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by Bob Lyddon – 4 minute read

THE Bank of England has recently led the way in making huge losses unimaginable to anybody except billionaires; now it leads the way in telling finance ministries they need to pay up. For ‘finance ministries’, read ‘taxpayers’.

Now that central banks are intentionally crystallizing enormous losses, the Bank of England has taken the global lead in issuing a working paper about how they – the central banks themselves – can replenish their capital. The paper analyses the current arrangements of seventy central banks and reveals a great deal of contempt and arrogance towards the public.1

So much for the promise made after the Global Financial Crisis that taxpayers would never again be made to pay up for losses in the financial system.

Central bank losses on bond-buying

The great experiment of our central banks’ since the Global Financial Crisis has, as some predicated, finally exploded, although few outside financial circles are aware of it. In buying large quantities of fixed-rate bonds under the banner of ‘Quantitative Easing’ (or ‘QE’) and in reducing interest rates, these institutions helped debtors pay their interest bills, pushed up asset prices, and made profits for their controllers – the respective countries’ finance ministries – consisting of:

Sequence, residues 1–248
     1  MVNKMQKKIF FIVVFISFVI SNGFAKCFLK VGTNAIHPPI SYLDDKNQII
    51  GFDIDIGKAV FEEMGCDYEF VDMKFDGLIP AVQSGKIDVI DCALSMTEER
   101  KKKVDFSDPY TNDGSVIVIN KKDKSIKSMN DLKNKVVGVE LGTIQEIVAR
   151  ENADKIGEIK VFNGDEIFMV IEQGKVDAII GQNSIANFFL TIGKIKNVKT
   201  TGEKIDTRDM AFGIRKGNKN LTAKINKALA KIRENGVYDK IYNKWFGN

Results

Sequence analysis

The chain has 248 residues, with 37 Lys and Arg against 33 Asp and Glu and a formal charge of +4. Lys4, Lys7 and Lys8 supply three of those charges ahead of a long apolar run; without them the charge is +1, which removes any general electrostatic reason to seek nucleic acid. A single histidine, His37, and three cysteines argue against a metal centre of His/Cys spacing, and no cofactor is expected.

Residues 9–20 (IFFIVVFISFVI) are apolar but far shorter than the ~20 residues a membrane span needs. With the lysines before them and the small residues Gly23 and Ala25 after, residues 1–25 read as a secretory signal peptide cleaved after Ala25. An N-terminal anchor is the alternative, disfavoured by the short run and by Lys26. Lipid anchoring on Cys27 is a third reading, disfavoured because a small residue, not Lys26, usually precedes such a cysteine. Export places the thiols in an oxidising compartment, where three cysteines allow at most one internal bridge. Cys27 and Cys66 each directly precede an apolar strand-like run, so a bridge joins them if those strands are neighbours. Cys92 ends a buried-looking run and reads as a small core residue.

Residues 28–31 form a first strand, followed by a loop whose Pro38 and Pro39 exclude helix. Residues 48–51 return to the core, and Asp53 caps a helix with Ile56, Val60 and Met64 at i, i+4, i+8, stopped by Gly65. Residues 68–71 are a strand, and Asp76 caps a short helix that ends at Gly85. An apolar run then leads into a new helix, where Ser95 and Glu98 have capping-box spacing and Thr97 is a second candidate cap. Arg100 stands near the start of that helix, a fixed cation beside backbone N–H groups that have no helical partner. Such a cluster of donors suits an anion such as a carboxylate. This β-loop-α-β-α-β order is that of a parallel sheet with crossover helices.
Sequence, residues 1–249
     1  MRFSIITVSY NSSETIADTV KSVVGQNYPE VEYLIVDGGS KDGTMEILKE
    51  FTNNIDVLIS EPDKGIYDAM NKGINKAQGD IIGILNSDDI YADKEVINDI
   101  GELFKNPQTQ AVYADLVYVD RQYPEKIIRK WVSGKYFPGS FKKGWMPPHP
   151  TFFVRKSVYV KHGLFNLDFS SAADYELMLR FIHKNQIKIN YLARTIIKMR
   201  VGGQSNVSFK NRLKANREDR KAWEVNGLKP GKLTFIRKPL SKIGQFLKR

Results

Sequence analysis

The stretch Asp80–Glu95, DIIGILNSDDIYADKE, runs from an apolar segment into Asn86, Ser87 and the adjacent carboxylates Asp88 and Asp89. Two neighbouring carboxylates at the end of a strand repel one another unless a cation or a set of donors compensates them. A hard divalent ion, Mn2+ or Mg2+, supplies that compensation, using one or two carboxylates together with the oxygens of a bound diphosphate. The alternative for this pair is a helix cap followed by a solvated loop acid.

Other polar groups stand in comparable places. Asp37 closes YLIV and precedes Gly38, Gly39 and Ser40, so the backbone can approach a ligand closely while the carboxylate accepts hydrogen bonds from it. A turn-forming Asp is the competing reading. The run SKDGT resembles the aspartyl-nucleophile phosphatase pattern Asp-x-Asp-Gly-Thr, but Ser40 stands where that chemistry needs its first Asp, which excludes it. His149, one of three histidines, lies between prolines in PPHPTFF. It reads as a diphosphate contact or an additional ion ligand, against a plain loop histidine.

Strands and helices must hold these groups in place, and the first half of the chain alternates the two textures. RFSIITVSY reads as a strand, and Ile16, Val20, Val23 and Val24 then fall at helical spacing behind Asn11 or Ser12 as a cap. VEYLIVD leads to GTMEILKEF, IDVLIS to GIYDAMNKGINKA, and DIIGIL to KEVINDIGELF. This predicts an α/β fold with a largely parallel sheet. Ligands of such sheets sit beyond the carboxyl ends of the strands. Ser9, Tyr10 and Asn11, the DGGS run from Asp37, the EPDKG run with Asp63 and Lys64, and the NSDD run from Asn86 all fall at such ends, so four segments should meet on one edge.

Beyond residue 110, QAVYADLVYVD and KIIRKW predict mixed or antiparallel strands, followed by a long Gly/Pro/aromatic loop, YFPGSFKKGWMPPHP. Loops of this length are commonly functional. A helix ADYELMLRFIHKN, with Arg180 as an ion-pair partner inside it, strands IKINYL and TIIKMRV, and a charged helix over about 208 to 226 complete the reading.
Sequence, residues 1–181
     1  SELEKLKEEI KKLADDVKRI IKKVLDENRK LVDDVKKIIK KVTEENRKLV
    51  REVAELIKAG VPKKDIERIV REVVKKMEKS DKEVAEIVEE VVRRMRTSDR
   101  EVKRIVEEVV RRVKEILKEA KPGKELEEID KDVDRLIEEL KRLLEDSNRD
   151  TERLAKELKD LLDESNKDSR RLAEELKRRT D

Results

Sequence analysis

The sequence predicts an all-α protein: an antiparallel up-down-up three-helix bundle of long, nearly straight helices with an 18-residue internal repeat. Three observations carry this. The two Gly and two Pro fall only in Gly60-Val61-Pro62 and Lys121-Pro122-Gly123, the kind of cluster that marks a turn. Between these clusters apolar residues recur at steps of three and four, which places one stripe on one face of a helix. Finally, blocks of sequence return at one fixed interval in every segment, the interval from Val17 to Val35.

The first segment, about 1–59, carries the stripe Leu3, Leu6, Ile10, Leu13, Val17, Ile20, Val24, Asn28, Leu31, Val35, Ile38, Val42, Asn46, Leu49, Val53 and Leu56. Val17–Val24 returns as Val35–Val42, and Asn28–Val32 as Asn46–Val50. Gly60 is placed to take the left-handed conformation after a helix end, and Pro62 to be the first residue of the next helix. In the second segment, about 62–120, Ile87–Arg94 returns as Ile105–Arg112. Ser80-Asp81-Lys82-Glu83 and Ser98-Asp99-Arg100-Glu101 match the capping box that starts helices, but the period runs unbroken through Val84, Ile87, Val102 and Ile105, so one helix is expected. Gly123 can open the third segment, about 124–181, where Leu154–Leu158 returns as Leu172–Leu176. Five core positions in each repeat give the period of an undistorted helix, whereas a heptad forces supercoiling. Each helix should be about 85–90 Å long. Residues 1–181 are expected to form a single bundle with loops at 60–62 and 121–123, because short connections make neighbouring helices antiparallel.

• Trading profits on the bonds, whose prices rose as interest rates fell;
  • An interest margin between what the central bank received on the bonds and the lower interest rate it paid to banks on their obligatory deposits of minimum reserves.

Then inflation and interest rates rose.

The bonds have fallen in price and the central banks now have a major problem:

  1. Selling the bonds – known as ‘Quantitative Tightening’ or ‘QT’ – produces a major one-off loss;
  2. Holding them produces an annual loss, as the interest rate paid to banks on their minimum reserves is now higher than is received on the bonds.

UK and Swedish losses

The Bank of England, now with about £700 billion of bonds, could either lose £132 billion all at once under the approach of (i) above2  – or lose £30 billion per annum for seven years under approach (ii).3

The Wall Street Journal reported recently the Swedish Riksbank had asked the Swedish parliament for an injection of new equity of about US$4.1 billion to help cover losses on US$94 billion of QT bond sales.4

Finance ministries usually receive – but rarely have to pay

Finance ministries, as p. 10 of the Bank of England working paper shows, received the QE profits but cannot automatically be made to bear the QT losses, “While legislation often requires the automatic transfer of central bank profits to the government, few central banks enjoy statutory arrangements for automatic recapitalisations.” On this point the UK reaches the ‘gold standard’ (apart, thanks to Gordon Brown, from hardly having any gold): the Bank of England is fully indemnified for its QT losses by HM Treasury.

Failing ‘gold standard’ support, the paper examines how losses can be covered, but along the way reveals a blind spot about the euro: on p. 4 it states that, “As the sole issuer of its domestic currency, central banks can always meet obligations arising from liabilities denominated in their domestic currency (IMF, 2015)”.